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Jeff Manning

Jeff Manning
From Got Milk? to Got Manning
by Dale Buss
September 24, 2010

Jeff Manning made the milk mustache de rigueur. As executive director of the California Milk Processor Board, he led the creation of the “Got Milk?” tagline and the associated advertising campaign in the early Nineties and, over the next decade, made it one of the most-recognized advertising icons in America and a brand in its own right.

Before “Got Milk?,” Manning had spent a quarter-century at major advertising agencies handling the needs of some of the biggest brand clients in the world, ranging from Procter & Gamble to ConAgra, from Bank of America to Safeway.

 
 

Manning left the milk-marketing business five years ago to go on his own as a consultant. Now, the biggest continuing gig for the 63-year-old, who lives in Orinda, Calif., is his work as chief marketing officer for the Cherry Marketing Institute. Manning’s other clients include Jamba Juice and Hewlett-Packard.

While on a shoestring budget compared with his “Got Milk?” days and with the deep pockets of many agricultural commodities that compete with tart cherries for business, Manning has helped the cherries – many grown in the Upper Midwest – to climb to No. 3 among “dark superfruits” by many measures of American consumer awareness and brand recognition, after cranberries and blueberries.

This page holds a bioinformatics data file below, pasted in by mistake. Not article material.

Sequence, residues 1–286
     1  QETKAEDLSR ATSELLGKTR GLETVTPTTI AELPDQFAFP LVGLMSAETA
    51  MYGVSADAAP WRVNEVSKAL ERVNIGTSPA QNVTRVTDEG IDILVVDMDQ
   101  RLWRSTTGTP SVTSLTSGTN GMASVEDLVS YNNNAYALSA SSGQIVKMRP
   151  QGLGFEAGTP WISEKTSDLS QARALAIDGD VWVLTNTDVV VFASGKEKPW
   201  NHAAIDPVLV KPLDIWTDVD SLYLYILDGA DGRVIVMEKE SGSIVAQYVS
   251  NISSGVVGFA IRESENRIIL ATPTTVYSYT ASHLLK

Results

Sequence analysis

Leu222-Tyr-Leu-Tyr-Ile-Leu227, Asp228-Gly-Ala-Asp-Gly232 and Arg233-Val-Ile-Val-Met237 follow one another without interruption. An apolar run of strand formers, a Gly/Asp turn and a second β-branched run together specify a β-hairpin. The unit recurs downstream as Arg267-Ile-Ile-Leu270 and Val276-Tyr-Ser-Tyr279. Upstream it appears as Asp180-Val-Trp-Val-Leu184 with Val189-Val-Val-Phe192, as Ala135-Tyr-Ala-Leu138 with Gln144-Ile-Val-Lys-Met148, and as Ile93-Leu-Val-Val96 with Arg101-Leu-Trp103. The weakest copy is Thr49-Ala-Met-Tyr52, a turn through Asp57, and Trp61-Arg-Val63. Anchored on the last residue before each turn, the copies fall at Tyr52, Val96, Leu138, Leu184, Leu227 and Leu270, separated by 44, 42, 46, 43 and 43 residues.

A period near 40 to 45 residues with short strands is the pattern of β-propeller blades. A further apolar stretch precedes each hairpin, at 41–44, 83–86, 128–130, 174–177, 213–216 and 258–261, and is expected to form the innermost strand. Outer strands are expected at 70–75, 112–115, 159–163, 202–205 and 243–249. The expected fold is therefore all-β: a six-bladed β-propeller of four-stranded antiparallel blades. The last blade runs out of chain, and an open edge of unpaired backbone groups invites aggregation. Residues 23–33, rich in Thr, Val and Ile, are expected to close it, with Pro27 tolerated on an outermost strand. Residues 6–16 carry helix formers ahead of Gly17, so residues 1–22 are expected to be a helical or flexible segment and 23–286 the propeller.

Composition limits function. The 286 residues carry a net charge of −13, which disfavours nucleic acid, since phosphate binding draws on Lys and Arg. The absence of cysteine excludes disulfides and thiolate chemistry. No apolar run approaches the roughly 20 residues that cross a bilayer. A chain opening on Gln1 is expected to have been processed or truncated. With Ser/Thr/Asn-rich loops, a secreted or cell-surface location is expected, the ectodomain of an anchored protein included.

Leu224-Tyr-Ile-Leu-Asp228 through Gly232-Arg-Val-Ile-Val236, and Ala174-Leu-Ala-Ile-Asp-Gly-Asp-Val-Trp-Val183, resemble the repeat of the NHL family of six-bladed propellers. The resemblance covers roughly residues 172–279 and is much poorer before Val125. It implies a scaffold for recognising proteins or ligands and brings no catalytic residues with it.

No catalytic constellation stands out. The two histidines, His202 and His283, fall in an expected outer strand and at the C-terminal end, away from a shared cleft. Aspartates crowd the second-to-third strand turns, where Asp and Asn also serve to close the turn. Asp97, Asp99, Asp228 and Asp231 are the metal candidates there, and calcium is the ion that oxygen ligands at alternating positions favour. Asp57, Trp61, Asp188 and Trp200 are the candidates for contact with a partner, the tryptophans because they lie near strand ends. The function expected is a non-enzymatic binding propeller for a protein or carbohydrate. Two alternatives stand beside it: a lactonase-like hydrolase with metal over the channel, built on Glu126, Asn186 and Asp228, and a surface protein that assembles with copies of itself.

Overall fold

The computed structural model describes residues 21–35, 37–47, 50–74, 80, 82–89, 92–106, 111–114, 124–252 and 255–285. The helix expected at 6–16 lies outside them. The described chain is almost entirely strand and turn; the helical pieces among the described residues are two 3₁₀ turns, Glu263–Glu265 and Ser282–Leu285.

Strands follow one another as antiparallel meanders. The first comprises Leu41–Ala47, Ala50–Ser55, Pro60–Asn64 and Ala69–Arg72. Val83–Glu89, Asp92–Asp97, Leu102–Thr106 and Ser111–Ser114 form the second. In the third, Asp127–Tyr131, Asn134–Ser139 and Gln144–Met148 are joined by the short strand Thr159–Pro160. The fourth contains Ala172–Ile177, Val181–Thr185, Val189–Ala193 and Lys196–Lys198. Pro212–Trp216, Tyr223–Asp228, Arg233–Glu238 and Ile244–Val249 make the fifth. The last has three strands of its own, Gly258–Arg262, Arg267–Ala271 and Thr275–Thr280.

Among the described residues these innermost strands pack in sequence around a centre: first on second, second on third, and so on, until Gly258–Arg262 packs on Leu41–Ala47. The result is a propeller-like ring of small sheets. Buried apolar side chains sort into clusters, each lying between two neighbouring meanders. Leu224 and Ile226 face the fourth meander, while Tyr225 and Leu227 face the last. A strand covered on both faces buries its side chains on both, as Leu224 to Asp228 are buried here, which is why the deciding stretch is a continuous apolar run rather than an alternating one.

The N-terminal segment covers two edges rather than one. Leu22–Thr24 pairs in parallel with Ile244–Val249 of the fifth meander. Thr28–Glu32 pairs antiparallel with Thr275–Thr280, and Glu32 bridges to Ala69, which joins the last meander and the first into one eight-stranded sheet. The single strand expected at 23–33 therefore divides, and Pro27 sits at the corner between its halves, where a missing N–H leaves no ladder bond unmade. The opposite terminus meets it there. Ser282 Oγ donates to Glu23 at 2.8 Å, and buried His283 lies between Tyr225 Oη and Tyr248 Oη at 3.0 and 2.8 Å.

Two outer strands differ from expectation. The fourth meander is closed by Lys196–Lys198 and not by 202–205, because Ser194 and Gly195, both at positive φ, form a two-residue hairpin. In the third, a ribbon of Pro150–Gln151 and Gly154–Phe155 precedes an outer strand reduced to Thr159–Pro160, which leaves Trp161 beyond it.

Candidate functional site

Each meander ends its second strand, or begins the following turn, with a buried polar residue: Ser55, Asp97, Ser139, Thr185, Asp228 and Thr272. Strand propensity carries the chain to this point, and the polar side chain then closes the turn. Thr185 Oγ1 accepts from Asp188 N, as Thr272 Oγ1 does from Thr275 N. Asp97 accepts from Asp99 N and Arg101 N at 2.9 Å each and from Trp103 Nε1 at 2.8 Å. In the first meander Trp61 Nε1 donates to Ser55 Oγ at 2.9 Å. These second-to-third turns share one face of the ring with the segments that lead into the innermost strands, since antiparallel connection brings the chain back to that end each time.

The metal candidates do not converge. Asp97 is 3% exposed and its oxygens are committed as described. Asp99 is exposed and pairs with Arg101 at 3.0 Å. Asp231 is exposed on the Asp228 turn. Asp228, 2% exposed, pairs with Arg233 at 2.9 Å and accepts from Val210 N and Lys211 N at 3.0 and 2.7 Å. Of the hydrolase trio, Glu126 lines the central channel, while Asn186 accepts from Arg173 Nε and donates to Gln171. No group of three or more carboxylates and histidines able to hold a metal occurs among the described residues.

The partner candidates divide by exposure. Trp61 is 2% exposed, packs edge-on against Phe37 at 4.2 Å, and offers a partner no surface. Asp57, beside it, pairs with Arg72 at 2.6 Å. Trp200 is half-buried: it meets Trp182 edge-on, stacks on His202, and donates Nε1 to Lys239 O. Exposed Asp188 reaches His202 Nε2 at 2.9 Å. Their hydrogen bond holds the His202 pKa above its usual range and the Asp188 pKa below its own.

Manning talked with brandchannel about what it’s like to create a classic brand, and what you do after that:

How do you decide what brands to work on?

I choose the things I’m really interested in that are intellectually challenging for me and don’t interfere with the cherry business.

What would you tell young branders who would hope to have a career as distinguished as yours?

A couple of things. One is, be brand-centric. Really dedicate yourself — whatever brands or brands you’re working on, put them first. Put them ahead of your business, if you’re a consultant, and ahead of the agency’s business. Put the brand first.

How?

You do that by having the chutzpah to fight for the brand inside your own agency or if you have a choice -- for example, if you’re a creative guy doing something nifty that isn’t right for the brand versus something not as edgy that is better for the brand. Because in the end, everyone will know if you’ve done what’s really right for the brand.

What else?

The second thing is to be strategic and not race off into execution. Every brand has a persona, a personality, a reason for being. Too many people are racing off and doing tactical things before they’ve dealt with, “For what reason does the brand exist? Why do people choose it?” A lot of people like to race off to execution. It’s getting caught up in the nifty little things and not dealing with core strategic issues.

So work on the stuff that you really have a heart for. If someone asked me if I’d work on an alcoholic beverage or a cigarette, I’d say no thank you; I just don’t have a heart for it. Or technology, for that matter; I just don’t have the heart for technology. I couldn’t … love it. Try to work on the stuff that you really have a heart for and you will be better for the brand and as a marketer.